Finally, the classification of exposure categories was incomplete, as patient HIV exposure information was not fully available from GUM clinics or GPs. Failure to complete forms could have led to misclassification bias, as exposures may be less likely to be reported in the absence of high risk behaviours. This may have led to overestimation of prevalence in each exposure category and underestimation of the number of heterosexuals tested. There was a low prevalence among those with no identified risk (0.9% males, 0.4% females), which suggests the majority were heterosexuals with no other specified risk.
The results of our paper will nevertheless be of interest to those involved in sexual health policy. The English National Strategy for Sexual Health and HIV has prioritised the uptake of HIV testing as a core HIV prevention intervention with two main aims.5 The first is to reduce the number of HIV infected individuals who remain undiagnosed after attending a GUM clinic. The second is to encourage HIV testing of people at a wider range of sites including primary care and general medical settings.5 Ongoing surveillance of HIV testing as outlined in this paper will provide a key mechanism for monitoring progress on these goals. Alongside increased offers of HIV testing, this analysis supports the need for targeting groups at high risk of HIV infection with HIV testing interventions, including MSM, IDU, and adults who have had heterosexual contact in Africa. Such focused promotion of HIV testing will be more cost effective than testing of individuals at lower risk, as fewer HIV tests are needed to diagnose one HIV infection. However, it is estimated that nearly twice as many HIV infected heterosexuals were living with undiagnosed HIV as homosexual or bisexual men at the end of 20011 and it is known that a large proportion of heterosexuals were not diagnosed until late in the course of infection between 1990 and 2000 in England.20 The strategy for sexual health addresses these issues through targeted campaigns to encourage the uptake of HIV testing in high risk groups and policies to increase the offer of HIV tests at healthcare sites, which should also capture heterosexual individuals with high risk behaviours. However, it should be acknowledged that GUM clinics will need to be supported as promotion of HIV testing further adds to their workload.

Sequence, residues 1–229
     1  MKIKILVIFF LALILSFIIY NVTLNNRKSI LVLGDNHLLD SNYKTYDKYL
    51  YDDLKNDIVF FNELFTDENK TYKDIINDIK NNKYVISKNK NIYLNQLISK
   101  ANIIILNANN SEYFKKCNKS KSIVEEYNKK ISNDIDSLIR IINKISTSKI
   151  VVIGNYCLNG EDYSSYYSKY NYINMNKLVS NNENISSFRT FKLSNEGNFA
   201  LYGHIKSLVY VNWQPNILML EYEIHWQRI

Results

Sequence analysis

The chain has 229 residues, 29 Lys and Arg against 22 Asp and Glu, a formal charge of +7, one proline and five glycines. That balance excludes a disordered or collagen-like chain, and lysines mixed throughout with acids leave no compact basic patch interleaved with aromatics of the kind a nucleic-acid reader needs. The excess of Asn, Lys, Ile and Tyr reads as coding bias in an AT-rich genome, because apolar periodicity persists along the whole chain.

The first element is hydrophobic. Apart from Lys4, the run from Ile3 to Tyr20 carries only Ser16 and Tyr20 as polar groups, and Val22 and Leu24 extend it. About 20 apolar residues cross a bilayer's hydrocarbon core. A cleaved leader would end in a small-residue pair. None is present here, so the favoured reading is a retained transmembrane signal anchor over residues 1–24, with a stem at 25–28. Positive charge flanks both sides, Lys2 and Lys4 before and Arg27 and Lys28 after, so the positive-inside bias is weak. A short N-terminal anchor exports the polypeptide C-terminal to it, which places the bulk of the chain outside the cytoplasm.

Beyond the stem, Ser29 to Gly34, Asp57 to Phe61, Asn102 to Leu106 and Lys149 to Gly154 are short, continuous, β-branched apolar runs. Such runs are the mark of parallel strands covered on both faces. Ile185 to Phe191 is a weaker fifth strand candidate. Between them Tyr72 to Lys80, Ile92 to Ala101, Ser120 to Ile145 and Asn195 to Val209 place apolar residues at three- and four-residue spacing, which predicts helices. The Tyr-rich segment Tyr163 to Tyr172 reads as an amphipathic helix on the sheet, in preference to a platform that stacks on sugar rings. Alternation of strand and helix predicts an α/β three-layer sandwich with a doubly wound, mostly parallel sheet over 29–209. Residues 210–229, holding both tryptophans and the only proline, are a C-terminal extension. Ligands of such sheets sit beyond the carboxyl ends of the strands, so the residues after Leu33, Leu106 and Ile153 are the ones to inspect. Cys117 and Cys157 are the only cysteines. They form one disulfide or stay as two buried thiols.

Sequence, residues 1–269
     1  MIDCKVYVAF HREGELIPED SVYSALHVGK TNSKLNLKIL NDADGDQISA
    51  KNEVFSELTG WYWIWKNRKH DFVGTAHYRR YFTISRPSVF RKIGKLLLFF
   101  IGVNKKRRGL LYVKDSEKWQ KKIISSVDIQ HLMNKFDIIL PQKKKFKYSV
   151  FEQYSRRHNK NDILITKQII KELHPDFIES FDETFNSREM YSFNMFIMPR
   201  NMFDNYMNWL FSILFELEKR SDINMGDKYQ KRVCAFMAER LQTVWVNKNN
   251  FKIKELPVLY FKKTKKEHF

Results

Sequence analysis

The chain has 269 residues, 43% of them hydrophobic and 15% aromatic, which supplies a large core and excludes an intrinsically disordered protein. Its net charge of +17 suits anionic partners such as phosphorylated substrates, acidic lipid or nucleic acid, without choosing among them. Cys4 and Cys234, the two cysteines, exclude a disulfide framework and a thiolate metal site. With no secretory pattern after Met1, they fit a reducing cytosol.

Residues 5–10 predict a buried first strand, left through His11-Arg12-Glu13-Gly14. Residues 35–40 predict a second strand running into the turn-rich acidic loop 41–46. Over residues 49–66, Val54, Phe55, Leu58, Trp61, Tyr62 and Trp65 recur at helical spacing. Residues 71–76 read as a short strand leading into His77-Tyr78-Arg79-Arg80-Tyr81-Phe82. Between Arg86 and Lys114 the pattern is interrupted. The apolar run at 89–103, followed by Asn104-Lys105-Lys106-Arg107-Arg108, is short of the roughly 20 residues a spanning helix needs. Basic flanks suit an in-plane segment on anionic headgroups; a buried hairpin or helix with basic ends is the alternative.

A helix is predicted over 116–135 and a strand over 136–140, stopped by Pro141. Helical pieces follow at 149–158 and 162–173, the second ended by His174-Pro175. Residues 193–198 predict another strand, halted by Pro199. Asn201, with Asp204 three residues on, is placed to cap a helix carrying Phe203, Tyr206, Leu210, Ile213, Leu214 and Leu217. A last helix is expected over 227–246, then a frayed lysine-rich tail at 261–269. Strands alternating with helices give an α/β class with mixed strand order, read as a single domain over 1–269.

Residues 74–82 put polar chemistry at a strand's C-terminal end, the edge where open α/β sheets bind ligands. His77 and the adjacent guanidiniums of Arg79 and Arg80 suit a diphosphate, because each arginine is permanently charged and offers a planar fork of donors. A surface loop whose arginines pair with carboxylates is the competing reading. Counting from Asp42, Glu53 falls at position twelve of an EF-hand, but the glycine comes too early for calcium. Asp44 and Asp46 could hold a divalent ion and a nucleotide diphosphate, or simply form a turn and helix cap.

We thank the following collaborators for their support and participation in the project: MS Shafi, P Pandya, and B Patel at Central Middlesex Public Health Laboratory (PHL); RS Tedder and P Luton at University College Hospital; GJ Pinney, J Sellwood, and C Woods at Reading PHL; J Mowbray, A Guest, and S Skidmore at Birmingham PHL; M Zuckerman, T Leung, D Johnson, and M Hopper at Dulwich PHL; P Parker at Exeter PHL; C Ashley at Bristol PHL.
We also gratefully acknowledge the continuing collaboration of clinicians, microbiologists, health advisers, and everyone else at GUM clinics and GPs who contributed to HIV testing surveillance at the sentinel sites.
CONTRIBUTORS TRC was the main author and current project coordinator: responsible for recent data collection, data analysis, report drafting, and editing; CAM contributed to scientific interpretation of data, the critique and revision of drafts, and was involved in the approval of the final version of the submitted paper; PAW was responsible for the conception and design of the study and the majority of data collection: also helped with the critique and the revision and approval of the paper; KAF was responsible for final approval of paper, contributed significantly to the scientific interpretation of data, and the critique and revised draft versions.
Conflict of interest: None